5.       Click on field and choose Color then click on value and choose Red.  You screen should look like this:

6.       Next click on the Action button on the ribbon, scroll down to the List Actions section and choose Replace List Item Permissions.

7.       Click on the these permissions link to launch the Replace List Item Permissions window.  Click Add.

8.       Click on the Choose… button and select the following groups; Bikes-All, Bikes-Red, Bikes-Red and Blue, and Bikes-Red and Green then click OK.

9.       Next select the permissions that you want to grant to these groups.  To keep things simple I am going to grant all groups Contribute permissions so I select the Contribute checkbox and then click OK. 

10.   If you want to mix things up and give all groups Contribute and the Bikes-All group Full Control then simply add another entry to the List Item Permissions window and choose Bikes-All and grant them Full Control permissions.  This is probably a good place to talk about the potential for locking yourself out of being able to access items in this list.  If you are a Site Collection Administrator you have less to fear as you will still have access to the list items.  However, if you are a Site Owner and not a member of any of the groups that we created earlier on, then guess what…. after this workflow runs you will no longer have access to items in this list.  Make sure that this does not happen to you by either adding the site’s Site Owner Group or making sure that you and/or other site owners are in a group that you are specifying to have Full Control permissions on the item.  Don’t say I didn’t warn you!  Once you have all of the permissions granted to the right groups or users, click OK.

11.   Click on the this list link, leave Current Item in the List field and click OK.

12.   In the Insert section of the ribbon click on Else-If Branch then click on Condition and choose If current item field equals value.

13.   Click on field and choose Color then click on value and choose Blue.  You screen should look like this:

14.   Repeat steps 6-11 from above to add the Replace List Item Permissions action to the workflow, only this time for the Blue set of users.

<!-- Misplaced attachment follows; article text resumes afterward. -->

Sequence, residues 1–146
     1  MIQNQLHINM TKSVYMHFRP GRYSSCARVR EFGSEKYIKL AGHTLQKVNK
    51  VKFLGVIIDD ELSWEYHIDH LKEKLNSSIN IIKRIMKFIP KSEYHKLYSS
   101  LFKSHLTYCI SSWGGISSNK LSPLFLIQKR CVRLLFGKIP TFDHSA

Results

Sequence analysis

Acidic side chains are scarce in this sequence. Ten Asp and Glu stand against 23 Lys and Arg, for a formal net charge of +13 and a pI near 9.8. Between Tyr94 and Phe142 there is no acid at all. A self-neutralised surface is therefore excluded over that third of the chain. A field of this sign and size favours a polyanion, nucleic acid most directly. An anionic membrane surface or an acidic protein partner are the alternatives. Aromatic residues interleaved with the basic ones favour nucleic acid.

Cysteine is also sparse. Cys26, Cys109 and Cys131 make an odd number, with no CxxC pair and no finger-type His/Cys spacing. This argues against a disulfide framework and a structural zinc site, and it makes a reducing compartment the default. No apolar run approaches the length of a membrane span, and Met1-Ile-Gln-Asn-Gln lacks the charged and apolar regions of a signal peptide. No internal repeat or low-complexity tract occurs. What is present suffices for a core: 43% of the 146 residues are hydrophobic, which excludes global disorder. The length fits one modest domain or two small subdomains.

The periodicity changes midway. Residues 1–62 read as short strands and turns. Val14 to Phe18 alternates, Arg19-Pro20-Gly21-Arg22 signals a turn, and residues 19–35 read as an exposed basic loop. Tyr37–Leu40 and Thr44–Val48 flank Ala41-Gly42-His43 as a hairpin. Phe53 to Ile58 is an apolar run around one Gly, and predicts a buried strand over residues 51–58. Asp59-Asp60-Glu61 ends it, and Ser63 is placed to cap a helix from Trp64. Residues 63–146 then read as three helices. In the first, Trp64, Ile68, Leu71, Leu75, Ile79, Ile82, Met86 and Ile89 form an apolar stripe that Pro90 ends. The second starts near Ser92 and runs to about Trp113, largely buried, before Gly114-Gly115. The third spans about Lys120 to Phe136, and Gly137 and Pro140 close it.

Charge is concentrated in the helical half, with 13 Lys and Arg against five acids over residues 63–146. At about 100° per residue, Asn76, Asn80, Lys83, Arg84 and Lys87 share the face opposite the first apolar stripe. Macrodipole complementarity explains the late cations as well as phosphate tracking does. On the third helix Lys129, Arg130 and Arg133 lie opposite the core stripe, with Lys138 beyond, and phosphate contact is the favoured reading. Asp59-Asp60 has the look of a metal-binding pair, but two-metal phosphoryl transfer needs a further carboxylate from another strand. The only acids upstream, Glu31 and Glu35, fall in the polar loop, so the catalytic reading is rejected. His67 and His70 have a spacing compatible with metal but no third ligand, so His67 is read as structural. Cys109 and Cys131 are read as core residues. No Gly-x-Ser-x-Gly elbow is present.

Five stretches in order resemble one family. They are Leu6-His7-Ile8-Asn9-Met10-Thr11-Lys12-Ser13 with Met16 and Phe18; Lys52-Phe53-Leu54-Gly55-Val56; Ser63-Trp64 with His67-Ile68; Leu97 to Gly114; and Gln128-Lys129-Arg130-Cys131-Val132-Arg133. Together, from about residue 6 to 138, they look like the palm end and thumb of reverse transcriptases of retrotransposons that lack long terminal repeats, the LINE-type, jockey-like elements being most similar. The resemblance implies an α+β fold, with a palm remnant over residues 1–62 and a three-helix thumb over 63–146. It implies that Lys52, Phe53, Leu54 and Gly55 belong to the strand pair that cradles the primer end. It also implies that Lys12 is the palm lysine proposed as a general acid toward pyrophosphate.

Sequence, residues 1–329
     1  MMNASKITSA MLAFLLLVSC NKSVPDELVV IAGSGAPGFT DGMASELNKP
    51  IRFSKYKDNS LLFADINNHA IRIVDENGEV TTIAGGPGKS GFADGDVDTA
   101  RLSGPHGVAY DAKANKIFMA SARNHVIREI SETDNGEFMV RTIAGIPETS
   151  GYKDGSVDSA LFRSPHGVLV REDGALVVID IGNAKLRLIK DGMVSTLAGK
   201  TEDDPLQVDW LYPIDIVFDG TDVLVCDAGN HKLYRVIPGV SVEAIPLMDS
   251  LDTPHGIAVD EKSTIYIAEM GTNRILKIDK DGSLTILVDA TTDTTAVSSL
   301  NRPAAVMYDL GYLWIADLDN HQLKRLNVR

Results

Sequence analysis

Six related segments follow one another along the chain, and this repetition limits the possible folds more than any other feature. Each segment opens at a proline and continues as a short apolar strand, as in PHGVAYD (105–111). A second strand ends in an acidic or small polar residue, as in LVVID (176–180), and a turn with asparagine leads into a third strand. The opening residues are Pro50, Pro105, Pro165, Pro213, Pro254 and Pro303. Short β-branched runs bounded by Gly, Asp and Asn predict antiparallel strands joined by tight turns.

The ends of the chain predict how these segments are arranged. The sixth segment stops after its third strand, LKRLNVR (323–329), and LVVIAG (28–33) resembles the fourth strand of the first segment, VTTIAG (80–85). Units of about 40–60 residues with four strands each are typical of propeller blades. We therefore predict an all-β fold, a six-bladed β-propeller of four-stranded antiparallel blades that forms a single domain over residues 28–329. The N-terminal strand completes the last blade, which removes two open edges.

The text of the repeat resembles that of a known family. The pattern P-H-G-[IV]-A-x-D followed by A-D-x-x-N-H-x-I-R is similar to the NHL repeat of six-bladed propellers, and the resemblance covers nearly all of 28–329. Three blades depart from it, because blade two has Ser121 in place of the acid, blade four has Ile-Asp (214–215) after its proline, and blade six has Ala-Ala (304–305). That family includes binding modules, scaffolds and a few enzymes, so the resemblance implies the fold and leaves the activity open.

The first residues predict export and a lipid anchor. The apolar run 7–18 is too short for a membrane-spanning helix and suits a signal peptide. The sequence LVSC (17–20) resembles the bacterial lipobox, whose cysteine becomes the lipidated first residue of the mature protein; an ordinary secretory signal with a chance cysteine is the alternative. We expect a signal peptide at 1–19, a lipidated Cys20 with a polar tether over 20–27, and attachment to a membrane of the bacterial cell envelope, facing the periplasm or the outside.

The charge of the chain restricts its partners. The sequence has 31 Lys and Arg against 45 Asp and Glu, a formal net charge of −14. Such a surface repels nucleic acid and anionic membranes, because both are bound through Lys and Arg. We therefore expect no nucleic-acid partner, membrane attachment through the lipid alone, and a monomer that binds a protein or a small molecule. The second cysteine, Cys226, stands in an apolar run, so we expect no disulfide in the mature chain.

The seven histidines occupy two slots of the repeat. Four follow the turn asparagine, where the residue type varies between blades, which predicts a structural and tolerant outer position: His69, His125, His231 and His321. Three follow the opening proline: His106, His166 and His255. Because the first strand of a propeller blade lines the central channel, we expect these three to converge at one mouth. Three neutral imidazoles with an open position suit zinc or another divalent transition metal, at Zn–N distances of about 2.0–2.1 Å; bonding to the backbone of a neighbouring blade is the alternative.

15.   Repeat steps 6-14 for the Green users set.  When you are done your Impersonation Step should look something like this:

16.   Click on the Check for Errors button on the ribbon to verify that there are not any logic errors in the workflow.  This check does not ensure that your workflow will work as perfectly as you have envisioned, only that there are no infinite loops, dead ends, etc… in your workflow logic.

17.   If there were no errors, click Save.

18.   On the bread crumb trail just below the tabs under the ribbon, click on the name of your workflow to exit the editor and to get to the workflow settings page.

19.   On the workflow settings page find the Start Options section and choose the Start workflow automatically when an item is created and the Start workflow automatically when an item is changed checkboxes.  This will ensure that if someone changes the color field then the proper permissions will be applied.

20.   Save the workflow again after choosing your start options.

21.   The last step in SPD is to publish the workflow.  This is where things can get a little tricky because we are using an Impersonation Step.  This workflow is going to run under the security context of the user who publishes the workflow.  In most cases this fine but let’s explore a couple of possible scenarios that could render this workflow useless.  Suppose that in the future you are assigned to another team and your permissions are removed from the site.  At that point the workflow will no longer work and all new items will revert back to inheriting the permissions from the list.  Ok who are we kidding, no goes into the site settings and clears up permissions right?  Chances are that John who used to be on your team a year ago but has since moved over to Accounting is still a member of your site.  True, that does happen all too often so let’s take another approach, let’s say that in 6 months you take a job at another company.  It is very likely that your account will, at the very least, be disabled before you make it to your car in the parking lot.  At that point your workflow is broken.  I know, you’re thinking if that’s the case then why do I care, I don’t work there anymore.  That’s not going to win you friends and glowing references in the future so let’s do this right.  It is always a good idea to publish workflows that contain Impersonation Steps as a service account.  Service accounts generally don’t go away and your administrator can setup a policy on the backend so that the permissions of said account are not ever removed from the site.  So either risk alienating your coworkers by publishing the workflow as yourself or contact your SharePoint Administrator and have them publish it using a service account.
Now that your workflow has been published to your brand new, not populated with items, list - you are finished.  As you add items to the list, the workflow will run and set your permissions as you configured the workflow to do it. 
Oh, but your list already has a few entries?
No biggie, just mouse over each item, click on the drop down list, choose Workflows, and select your workflow name and click Start.